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US district court denies challenge to eminent domain use for ACP, MVP pipelines

Highlights

Decision deflects one of multiple legal salvos aimed at ACP, MVP

Circuit court is the correct venue: judge

Washington — A federal district court set back another effort to block natural gas pipelines using the argument that federal procedures violate constitutional protections related to the use of eminent domain.

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The decision Friday in the US District Court for the District of Columbia to dismiss the case clears another potential sticking point for Mountain Valley Pipeline and Atlantic Coast Pipeline, two major gas projects that would move a combined 3.5 Bcf/d of Appalachian gas to Mid-Atlantic markets. It is the latest of several cases raising eminent domain issues to be denied in federal courts on jurisdictional grounds.

More than 50 landowners with property in the path of the projects had joined with the non-profits Bold Alliance, Bold Education Fund and Friends of Nelson in the complaint filed in the district last September (Bold Alliance v. Federal Energy Regulatory Commission, 17-cv-01822).

The litigation targeted the way eminent domain use has evolved in a deregulated gas market to take private property for pipeline development.

In finding the court lacked subject matter jurisdiction, Judge Richard Leon emphasized that "Congress could hardly have been more clear" that the avenue of review for parties aggrieved by FERC orders under the Natural Gas Act involves federal appeals courts, rather than the district court.

COURT FINDING

The plaintiffs failed to qualify for an exception to that avenue that is allowed for constitutional challenges directed at underlying agency authority, he said.

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The plaintiffs constitutional theories go to FERC's practice of adjudicating claims -- not to its power to do so, he said. "[P]laintiffs constitutional claims are deeply intertwined with allegations that FERC's practices deviate from the provisions of the Natural Gas Act." The complaint had alleged that FERC fails to require pipeline companies to demonstrate their projects serve a public use as required by the takings clause of the 5th amendment of the US Constitution. It also called FERC's standard of proof for need "so low as to be meaningless."

In the case of MVP, the suit alleged the project did not meet the public use standard of interstate transportation of gas because "it will transport gas for export, not for ultimate distribution to the American public." For ACP, it said the project failed to satisfy the standard because "it will deliver gas exclusively to utility affiliates of ACP's owners." It also faulted the practice of granting of certificates that allow powers of eminent domain to be conveyed to developers at a time when the orders are still conditioned on future regulatory signoffs, such as state water quality certificates.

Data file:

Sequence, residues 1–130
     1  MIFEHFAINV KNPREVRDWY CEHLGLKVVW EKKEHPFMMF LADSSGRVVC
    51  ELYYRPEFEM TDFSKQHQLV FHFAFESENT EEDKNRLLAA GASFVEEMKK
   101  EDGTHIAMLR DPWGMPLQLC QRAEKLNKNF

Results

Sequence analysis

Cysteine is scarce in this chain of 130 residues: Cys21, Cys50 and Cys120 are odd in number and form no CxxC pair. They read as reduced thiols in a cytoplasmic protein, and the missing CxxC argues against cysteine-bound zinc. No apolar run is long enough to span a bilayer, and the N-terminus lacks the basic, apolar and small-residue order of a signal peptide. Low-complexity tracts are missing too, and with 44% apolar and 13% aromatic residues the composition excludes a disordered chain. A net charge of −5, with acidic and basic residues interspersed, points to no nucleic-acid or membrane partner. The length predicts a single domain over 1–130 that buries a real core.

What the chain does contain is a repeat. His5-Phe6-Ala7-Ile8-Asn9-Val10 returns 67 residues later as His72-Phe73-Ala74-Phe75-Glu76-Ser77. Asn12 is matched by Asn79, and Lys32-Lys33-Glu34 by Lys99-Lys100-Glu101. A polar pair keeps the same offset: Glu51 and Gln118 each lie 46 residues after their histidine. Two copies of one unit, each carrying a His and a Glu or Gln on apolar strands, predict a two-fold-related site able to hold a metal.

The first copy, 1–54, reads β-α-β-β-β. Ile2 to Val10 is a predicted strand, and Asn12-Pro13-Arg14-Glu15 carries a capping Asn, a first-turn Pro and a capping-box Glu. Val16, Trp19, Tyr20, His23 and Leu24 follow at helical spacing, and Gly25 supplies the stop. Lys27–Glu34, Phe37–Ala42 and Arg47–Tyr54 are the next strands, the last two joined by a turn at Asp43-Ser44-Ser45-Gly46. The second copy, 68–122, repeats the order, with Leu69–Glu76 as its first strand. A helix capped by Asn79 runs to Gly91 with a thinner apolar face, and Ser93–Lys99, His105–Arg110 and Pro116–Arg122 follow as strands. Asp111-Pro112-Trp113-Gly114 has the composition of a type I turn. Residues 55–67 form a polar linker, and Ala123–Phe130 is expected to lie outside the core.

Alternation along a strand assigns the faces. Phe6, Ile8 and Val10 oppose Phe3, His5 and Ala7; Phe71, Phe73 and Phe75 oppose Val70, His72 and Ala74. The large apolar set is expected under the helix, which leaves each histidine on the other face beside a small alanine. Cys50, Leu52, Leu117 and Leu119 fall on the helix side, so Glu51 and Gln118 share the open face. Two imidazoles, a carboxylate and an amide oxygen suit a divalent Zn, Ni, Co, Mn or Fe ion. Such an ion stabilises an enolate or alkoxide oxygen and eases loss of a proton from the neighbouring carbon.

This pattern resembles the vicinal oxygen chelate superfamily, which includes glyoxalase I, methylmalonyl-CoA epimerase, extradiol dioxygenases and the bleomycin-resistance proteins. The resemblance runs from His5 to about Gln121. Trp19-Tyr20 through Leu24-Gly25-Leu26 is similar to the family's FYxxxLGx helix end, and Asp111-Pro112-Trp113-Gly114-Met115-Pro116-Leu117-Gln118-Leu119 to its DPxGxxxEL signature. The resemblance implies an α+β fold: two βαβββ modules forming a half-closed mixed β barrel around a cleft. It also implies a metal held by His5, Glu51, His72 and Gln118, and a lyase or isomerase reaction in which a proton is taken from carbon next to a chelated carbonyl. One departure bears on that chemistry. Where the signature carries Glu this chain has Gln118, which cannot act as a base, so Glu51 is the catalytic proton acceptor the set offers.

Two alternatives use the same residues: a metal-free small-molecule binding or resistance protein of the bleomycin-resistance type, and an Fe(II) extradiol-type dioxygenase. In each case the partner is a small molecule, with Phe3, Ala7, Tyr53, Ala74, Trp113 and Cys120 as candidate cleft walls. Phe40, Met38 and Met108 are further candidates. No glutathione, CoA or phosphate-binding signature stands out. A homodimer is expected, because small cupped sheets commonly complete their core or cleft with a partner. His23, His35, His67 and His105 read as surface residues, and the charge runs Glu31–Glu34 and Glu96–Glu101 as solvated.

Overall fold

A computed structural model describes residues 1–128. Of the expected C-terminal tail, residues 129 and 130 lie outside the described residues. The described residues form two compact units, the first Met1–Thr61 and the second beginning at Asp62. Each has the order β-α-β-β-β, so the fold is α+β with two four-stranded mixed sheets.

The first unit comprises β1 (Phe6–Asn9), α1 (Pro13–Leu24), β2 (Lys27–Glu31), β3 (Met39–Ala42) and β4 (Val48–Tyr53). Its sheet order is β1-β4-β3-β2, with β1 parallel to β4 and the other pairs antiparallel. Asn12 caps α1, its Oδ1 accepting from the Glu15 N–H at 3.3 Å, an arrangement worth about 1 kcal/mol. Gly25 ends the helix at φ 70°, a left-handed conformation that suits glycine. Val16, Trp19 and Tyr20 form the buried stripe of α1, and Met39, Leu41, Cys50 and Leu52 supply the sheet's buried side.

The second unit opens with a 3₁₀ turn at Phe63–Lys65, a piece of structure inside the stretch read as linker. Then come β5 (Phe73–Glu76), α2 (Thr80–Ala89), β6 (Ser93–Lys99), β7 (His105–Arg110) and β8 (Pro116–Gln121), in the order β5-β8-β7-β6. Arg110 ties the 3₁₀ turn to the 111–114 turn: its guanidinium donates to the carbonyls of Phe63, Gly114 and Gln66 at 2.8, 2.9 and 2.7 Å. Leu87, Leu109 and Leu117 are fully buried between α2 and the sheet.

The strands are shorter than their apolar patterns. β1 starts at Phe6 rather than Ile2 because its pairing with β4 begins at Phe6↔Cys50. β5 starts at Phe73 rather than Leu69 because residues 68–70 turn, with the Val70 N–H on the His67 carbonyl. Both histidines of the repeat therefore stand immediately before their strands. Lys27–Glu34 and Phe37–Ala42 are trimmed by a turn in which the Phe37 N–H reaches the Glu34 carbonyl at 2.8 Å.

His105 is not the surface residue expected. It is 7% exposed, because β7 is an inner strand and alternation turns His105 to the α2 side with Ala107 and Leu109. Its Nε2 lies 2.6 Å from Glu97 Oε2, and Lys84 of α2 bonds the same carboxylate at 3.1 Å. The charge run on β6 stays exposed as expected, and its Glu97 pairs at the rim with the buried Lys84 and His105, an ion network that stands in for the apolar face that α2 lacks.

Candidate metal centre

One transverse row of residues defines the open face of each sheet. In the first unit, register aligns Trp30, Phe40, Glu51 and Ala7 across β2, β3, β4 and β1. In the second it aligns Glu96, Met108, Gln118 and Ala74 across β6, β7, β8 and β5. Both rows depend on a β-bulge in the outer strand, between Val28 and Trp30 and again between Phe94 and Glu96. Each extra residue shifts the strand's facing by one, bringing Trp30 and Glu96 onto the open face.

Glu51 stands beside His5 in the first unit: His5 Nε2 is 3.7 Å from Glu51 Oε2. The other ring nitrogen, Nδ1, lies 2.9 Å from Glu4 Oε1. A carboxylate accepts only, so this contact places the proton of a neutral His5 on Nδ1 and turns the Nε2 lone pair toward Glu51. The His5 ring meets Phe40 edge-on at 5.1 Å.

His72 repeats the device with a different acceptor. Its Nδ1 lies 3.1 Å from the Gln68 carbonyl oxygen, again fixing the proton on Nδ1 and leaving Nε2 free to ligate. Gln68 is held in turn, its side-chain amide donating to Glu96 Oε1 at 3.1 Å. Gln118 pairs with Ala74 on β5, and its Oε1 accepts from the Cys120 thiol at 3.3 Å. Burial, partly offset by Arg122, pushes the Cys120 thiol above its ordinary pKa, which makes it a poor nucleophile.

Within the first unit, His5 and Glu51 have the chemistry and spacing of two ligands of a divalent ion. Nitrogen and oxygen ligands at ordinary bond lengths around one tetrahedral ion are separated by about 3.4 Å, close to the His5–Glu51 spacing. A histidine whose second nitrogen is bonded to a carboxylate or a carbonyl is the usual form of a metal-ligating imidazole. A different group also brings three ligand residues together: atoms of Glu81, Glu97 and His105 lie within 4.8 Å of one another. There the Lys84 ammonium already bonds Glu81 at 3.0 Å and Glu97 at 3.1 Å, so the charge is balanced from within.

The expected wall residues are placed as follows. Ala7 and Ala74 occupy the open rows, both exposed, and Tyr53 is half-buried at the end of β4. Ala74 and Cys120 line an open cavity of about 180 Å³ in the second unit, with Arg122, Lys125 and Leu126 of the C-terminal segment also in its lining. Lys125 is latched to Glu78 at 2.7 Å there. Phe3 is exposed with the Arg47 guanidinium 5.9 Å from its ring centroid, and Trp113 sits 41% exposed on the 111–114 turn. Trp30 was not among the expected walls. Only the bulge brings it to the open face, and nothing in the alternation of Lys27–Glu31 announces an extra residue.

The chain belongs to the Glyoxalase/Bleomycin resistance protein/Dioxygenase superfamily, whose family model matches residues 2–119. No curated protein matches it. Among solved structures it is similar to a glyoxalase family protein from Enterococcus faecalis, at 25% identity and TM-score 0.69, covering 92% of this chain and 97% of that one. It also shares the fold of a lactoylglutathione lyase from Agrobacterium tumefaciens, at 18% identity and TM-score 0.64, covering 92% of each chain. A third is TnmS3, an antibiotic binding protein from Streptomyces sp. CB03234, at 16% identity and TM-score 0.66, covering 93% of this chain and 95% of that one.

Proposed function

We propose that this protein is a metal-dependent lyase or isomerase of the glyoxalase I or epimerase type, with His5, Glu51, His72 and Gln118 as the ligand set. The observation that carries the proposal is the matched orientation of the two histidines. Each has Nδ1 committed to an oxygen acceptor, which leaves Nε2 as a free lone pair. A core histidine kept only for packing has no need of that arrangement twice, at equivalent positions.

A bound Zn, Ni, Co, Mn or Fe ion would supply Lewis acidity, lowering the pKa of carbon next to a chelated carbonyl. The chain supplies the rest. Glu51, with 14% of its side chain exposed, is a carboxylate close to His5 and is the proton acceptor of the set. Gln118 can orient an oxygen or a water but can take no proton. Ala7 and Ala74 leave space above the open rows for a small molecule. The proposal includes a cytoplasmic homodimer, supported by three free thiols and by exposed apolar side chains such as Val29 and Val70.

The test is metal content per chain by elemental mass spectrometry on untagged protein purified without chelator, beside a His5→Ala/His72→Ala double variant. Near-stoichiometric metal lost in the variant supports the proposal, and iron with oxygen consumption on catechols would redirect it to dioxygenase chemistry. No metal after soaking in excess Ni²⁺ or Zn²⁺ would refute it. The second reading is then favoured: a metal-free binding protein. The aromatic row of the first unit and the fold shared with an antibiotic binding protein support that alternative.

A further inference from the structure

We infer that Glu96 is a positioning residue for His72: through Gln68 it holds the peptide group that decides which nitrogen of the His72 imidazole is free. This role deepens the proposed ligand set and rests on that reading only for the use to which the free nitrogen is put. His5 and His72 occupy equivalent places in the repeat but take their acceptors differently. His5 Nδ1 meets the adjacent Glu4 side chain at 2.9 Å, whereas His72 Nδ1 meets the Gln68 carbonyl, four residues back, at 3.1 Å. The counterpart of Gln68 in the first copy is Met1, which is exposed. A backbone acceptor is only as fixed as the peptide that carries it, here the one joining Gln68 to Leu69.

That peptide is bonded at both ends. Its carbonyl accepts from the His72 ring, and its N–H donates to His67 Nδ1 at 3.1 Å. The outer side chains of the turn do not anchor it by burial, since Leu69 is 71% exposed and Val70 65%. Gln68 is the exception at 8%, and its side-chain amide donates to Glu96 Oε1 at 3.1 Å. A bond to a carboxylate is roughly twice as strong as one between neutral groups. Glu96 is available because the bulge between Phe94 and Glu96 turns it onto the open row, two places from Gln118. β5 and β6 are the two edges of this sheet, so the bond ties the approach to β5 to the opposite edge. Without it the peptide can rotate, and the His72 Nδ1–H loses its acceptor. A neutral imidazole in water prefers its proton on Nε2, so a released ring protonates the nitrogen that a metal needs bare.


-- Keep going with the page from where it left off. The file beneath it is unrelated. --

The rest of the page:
CONSIDERING OPTIONS

Bold is currently considering its options and has preserved some of the constitutional arguments in its pending case with the US Court of Appeals for the District of Columbia Circuit seeking review of FERC's MVP approval, said Washington attorney Carolyn Elefant, who represented Bold in the case. Bold could file a notice of appeal and ask the district court to hold it in abeyance pending resolution of the separate MVP circuit court appeal, she said.

"I would not count out the prospect of relief," she added, noting that similar litigation is pending as well in New Jersey in relation to the PennEast Pipeline project.

William Scherman, a partner with Gibson, Dunn & Crutcher, said there is nothing remarkable about the decision "except it keeps happening. At some point, the environmental groups will realize they keep failing," in pursuing this line of attack, he said.

Similar to the finding Friday, in July the 4th Circuit Court of Appeals found a federal district court was correct to conclude it lacked jurisdiction over a suit that questioned whether FERC 's NGA procedures deprived landowners of constitutional rights (Orus Ashby Berkley, et al. v. Mountain Valley Pipeline, et al., 18-1042). A federal district court in Ohio in December also found a landowners' suit that raised eminent domain questions related to the Nexus Gas Transmission project was filed in the wrong court at the wrong point in the federal review process (Urban, et al v FERC, 5:17-cv-01005).

-- Maya Weber, maya.weber@spglobal.com

-- Edited by Valarie Jackson, newsdesk@spglobal.com